McDonalds has never looked so appealing to me than in 2007, when, exhausted from traipsing around north London, I remembered the US chain had just rolled out its experimental redesign. I hadn’t eaten in 16 hours, and a cherry-red as-yet-unstained Arne Jacobsen Egg chair from Fritz Hansen (or not, as it were) sat unoccupied in the window. I settled in, inhaled a super-sized fries in front of half the neighbourhood’s commuters and thought to myself: you sucker.
While that is not exactly the message Matthew Darbyshire is sending out this week from his new retrospective 'An Exhibition for Modern Living', at the Manchester Art Gallery, the image of fast food winning over consumers with ‘curated’ interiors in fashionable London reflected a curious overlap in taste, class and accessibility that hasn’t been lost on the artist.
The exhibition borrows its name from a modern-design show at the Detroit Institute of Art back in 1949, a highly optimistic time when the city had America’s highest median income. The city is now, of course, broke – ruined from a combination of globalisation, inefficiency and its own hubris. And Darbyshire’s room sets of modern furniture and ersatz graffiti – Jacobsen chairs at centre – might as well be in the Next catalogue. How times have changed.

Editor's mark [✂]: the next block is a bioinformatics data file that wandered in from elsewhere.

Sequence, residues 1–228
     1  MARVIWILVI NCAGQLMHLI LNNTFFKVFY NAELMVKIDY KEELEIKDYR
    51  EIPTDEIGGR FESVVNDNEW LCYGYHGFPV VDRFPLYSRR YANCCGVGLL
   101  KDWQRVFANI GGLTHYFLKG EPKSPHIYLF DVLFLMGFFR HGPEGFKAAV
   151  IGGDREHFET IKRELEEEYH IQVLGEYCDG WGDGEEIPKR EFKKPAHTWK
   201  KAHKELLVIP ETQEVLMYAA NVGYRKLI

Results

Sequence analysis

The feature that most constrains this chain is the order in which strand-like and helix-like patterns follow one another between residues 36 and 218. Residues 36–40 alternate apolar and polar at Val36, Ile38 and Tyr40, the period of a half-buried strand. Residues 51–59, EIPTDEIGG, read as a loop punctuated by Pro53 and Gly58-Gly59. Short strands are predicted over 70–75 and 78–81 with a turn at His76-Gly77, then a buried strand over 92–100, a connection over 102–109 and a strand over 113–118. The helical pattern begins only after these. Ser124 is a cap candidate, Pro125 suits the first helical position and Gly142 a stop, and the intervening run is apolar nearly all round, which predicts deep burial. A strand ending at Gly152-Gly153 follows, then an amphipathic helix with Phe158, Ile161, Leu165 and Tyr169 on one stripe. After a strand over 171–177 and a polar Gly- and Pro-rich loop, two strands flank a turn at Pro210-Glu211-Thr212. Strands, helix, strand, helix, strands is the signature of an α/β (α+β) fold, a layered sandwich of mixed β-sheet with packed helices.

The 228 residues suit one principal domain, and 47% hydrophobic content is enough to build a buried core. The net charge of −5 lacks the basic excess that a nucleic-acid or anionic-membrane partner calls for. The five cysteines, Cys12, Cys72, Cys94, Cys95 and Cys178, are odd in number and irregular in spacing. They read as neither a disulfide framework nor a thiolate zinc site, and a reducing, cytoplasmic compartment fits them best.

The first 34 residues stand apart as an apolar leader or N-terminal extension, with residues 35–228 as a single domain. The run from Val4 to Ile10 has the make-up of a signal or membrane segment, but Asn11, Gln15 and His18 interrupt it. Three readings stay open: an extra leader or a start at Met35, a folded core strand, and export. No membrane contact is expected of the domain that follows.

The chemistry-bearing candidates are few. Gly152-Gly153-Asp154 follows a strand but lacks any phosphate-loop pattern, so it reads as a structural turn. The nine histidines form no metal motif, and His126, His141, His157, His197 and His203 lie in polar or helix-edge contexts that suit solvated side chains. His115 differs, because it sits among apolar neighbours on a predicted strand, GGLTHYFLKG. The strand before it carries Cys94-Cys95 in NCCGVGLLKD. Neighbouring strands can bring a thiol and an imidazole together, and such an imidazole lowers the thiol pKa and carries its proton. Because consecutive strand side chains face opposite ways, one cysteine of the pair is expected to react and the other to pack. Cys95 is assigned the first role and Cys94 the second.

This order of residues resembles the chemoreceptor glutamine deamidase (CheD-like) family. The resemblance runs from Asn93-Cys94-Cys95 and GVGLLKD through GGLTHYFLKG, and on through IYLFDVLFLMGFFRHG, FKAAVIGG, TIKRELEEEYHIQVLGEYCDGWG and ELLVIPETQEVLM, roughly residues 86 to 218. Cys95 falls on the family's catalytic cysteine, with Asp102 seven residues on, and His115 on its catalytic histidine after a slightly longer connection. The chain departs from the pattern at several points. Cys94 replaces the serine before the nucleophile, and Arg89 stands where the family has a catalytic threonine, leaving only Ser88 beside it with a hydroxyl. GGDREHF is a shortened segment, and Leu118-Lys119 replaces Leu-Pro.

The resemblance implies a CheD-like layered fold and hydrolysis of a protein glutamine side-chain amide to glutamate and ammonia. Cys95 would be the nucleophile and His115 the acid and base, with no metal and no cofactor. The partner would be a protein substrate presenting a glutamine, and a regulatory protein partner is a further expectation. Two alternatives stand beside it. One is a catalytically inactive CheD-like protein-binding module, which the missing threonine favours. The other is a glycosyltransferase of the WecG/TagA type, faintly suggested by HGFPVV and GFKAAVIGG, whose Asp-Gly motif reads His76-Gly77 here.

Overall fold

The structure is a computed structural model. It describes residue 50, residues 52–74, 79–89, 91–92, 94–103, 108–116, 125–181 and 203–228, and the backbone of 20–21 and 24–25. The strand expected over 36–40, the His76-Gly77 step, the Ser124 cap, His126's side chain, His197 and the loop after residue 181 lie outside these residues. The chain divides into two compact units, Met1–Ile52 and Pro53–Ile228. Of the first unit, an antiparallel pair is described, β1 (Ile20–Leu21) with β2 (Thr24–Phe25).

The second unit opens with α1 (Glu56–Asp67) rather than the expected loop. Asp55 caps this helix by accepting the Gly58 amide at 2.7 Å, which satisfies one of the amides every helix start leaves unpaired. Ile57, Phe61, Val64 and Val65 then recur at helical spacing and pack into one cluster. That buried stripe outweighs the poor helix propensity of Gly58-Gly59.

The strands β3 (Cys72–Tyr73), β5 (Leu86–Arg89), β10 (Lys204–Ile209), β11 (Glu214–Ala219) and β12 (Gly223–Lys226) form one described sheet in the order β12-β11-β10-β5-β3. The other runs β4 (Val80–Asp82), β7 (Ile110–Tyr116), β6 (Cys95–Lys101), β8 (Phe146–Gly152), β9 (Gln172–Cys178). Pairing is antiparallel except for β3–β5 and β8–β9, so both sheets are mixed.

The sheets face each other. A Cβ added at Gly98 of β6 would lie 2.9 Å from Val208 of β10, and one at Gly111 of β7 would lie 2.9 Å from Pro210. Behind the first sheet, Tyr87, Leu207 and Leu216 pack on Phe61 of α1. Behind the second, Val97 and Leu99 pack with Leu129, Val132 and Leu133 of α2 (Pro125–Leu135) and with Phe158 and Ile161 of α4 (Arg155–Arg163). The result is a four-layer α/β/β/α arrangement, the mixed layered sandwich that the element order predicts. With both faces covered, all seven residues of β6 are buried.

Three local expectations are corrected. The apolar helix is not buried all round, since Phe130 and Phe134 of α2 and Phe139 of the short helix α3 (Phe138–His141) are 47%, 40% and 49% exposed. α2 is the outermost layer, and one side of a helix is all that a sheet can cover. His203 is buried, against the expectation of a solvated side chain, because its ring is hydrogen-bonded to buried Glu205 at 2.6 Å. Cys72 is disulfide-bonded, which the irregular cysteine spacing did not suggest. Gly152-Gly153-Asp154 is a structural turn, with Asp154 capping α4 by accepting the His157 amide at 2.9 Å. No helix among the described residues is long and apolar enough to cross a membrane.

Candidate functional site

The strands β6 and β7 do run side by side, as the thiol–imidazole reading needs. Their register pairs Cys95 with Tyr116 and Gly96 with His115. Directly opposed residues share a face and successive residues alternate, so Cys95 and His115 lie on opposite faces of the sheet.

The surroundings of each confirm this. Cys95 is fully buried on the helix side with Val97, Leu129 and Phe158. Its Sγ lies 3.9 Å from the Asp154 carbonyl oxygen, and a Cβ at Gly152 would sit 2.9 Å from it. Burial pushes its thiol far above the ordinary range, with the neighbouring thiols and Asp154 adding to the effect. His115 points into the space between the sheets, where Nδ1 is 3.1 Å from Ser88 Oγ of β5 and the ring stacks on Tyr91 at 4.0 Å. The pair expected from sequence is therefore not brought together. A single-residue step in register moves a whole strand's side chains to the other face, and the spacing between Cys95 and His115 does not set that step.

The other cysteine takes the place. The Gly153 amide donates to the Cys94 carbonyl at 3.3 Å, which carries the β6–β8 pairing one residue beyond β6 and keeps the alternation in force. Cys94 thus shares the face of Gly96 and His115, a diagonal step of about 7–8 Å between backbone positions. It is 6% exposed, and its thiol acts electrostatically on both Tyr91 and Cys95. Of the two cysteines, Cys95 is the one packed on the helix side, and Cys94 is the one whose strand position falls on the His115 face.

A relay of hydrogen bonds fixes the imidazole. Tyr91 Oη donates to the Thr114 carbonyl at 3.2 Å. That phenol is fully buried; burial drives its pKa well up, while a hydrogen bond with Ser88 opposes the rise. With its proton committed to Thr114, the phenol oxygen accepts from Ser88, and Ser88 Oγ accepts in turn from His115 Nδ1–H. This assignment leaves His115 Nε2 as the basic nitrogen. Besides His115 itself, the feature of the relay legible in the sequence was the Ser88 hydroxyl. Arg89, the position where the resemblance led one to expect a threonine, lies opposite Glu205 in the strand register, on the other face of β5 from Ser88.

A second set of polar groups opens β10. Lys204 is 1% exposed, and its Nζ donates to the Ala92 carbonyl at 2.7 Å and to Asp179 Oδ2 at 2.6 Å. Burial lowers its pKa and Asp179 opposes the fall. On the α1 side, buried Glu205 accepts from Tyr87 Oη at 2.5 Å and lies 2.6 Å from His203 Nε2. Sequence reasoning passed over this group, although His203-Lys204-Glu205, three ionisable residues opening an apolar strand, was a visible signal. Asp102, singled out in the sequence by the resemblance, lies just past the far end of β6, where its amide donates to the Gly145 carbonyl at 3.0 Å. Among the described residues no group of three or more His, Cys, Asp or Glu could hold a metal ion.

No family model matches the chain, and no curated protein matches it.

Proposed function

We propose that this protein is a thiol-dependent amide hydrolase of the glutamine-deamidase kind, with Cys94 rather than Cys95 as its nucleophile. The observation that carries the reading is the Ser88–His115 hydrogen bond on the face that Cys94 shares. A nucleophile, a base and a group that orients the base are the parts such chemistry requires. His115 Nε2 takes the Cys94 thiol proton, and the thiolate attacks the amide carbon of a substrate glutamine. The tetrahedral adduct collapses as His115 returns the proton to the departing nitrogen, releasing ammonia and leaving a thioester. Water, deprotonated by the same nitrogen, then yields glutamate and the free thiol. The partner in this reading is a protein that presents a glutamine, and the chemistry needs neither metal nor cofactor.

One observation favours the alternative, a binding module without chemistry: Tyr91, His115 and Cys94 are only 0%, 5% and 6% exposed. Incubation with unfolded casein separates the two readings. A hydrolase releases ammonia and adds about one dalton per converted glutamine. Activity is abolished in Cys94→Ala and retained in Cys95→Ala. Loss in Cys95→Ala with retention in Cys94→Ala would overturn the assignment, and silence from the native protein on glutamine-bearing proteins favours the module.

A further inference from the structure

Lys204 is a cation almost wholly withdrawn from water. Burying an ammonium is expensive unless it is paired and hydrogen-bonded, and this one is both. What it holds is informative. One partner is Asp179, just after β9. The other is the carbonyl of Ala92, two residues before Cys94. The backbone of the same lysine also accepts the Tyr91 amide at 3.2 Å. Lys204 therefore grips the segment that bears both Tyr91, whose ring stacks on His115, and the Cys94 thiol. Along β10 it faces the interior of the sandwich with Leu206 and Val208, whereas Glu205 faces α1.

Next we are treated to a collection of hand-carved wood artifacts – drinking implements, abacus tribal figures – borrowed from the museum’s archives. Only they’re displayed in a room fully kitted out in synthetic oak that was transported, floor and all, from the show room of an Olympic Village residential building. Their new setting gives them a look that’s less museum-quality than ‘cigar-store indian’.
I like that Darbyshire opened his show smack in the middle of the London Design Festival, like the Greek chorus looking down from the North with cryptic dialogue about how we revere, consume, reproduce and ascribe quality to stuff. His most impressive new work is a 3D-printed polycarbonate figure of the Doryphoros of Polykleitos, a copy of a marble that’s been copied over and over since pre-modern times. It has a fuzzy, holographic appearance from afar but from up close almost disappears on account of the suspended layers of plastic – like a trompe l’oeil sculpture that comes together only when you view it from a certain point.
It’s not meant to put the other work to shame but in some ways the disappearing man appears the most substantial of all.